Corruption alleged as tainted vaccines kill Chinese children
FOR Wang Mingliang, the birth of a son should have been the start of a season of joy in his village at the rural heart of northern China.
But his little boy, Xiao’er, lived just seven months before he suffered convulsions and a fever, then died. Wang said Xiao’er fell ill after vaccinations against tuberculosis and hepatitis. “My whole family is plunged in sorrow,” he said.
“Our son was vaccinated by the hospital and they sterilised my wife to conform to the birth control policy. Now my son is dead and my wife can have no more children.”
His son was among thousands of children given tainted vaccines in a scandal that reporters and medical staff allege has left four dead and 74 handicapped.
Wang is one of more than 70 parents who have tried to sue the health authorities in Shanxi province. The courts and health officials have rejected their claims, saying that an inquiry found no connection between vaccines and the children’s health problems.
In response to public outrage, however, the health ministry has ordered an inquiry after Wang Keqiang, one of China’s top investigative reporters, revealed a web of alleged corruption and incompetence that put many children at risk.
The vaccines were stored without refrigeration by a firm that had won a distribution monopoly, said his report in the China Economic Times.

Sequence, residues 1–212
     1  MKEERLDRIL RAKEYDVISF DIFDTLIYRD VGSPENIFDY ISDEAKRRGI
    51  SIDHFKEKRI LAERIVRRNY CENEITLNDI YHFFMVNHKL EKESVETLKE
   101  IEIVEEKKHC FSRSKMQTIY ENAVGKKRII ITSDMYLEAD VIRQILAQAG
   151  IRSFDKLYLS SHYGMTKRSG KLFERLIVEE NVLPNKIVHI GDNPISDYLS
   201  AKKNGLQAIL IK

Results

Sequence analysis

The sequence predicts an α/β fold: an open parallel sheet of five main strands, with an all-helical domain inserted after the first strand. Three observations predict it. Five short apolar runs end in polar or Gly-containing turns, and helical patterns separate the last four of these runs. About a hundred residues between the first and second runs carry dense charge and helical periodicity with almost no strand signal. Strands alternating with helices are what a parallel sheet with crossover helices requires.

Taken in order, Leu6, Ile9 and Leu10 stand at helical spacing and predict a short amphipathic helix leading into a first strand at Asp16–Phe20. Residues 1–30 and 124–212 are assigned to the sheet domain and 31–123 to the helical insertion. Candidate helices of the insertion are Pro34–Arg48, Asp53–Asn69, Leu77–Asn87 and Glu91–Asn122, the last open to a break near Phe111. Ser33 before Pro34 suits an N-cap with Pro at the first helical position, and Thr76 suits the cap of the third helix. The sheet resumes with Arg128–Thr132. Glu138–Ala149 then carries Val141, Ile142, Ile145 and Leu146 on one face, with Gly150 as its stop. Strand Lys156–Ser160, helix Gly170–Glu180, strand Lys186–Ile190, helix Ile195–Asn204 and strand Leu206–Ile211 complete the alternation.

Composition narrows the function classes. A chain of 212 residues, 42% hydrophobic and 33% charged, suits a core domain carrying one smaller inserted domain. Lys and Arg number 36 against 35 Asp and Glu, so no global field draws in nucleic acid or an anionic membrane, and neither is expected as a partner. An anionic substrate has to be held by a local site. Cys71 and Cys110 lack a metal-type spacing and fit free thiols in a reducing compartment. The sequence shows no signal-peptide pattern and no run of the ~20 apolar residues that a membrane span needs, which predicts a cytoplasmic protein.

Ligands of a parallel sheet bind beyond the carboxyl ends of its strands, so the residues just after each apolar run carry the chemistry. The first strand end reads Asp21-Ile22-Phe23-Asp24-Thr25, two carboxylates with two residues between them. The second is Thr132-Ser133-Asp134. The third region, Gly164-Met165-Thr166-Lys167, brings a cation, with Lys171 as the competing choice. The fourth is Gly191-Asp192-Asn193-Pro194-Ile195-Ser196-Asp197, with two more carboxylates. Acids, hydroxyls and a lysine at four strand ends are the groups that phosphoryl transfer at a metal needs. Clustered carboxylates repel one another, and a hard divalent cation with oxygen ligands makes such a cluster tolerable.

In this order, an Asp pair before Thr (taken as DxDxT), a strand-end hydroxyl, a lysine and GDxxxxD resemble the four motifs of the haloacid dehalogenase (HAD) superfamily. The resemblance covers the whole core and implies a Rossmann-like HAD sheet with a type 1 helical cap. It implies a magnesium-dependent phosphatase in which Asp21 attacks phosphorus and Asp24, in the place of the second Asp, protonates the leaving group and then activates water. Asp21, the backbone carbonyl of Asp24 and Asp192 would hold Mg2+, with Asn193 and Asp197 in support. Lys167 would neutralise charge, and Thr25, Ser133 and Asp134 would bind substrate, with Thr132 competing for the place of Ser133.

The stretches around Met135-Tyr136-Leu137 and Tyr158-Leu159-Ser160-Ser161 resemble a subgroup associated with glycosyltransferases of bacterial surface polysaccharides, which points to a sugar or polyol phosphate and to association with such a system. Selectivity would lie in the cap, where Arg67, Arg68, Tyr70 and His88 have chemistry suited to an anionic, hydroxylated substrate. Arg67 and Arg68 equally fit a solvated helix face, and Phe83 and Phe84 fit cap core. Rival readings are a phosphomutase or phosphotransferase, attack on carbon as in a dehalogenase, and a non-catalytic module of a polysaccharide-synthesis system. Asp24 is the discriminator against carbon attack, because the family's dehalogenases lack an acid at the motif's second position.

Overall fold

Other cases listed by the paper included Yan Yan, a girl of two, in a vegetative state; Qiang Qian, a boy of eight who suffers convulsions; and Jun Jun, a boy with brain damage.
The scandal has put the press in open conflict with bureaucrats and has led censors to banish the original story from the internet.
The report was “basically not true”, said Li Shukai, the local deputy health director, in an interview with Xinhua, the state news agency.
Doctors and a whistleblower, who was a senior official at the provincial disease control centre, have backed the journalist. “Our report was based on a six-month inquiry and interviews with the families of 36 victims plus testimony, videos and documents,” the reporter said. “I knew before writing the article they’d try to hush it up.”
Chen Tao’an, the whistleblower, said he had watched millions of batches of vaccines dumped “like potatoes” in the open air, exposed to sunlight or kept in hot rooms by the Beijing Huawei Biomedical company. Vaccines should be kept at tightly controlled temperatures.
“I reported this to higher officials more than 30 times but every time my report sank into oblivion,” Chen said.
Officials were unable to stem a tide of criticism as more alleged instances of contaminated medicine came to light. These included 400,000 people in the eastern city of Hangzhou who were given fake hepatitis vaccine and an official report that 210,000 faulty batches of rabies vaccine had been found in 27 provinces.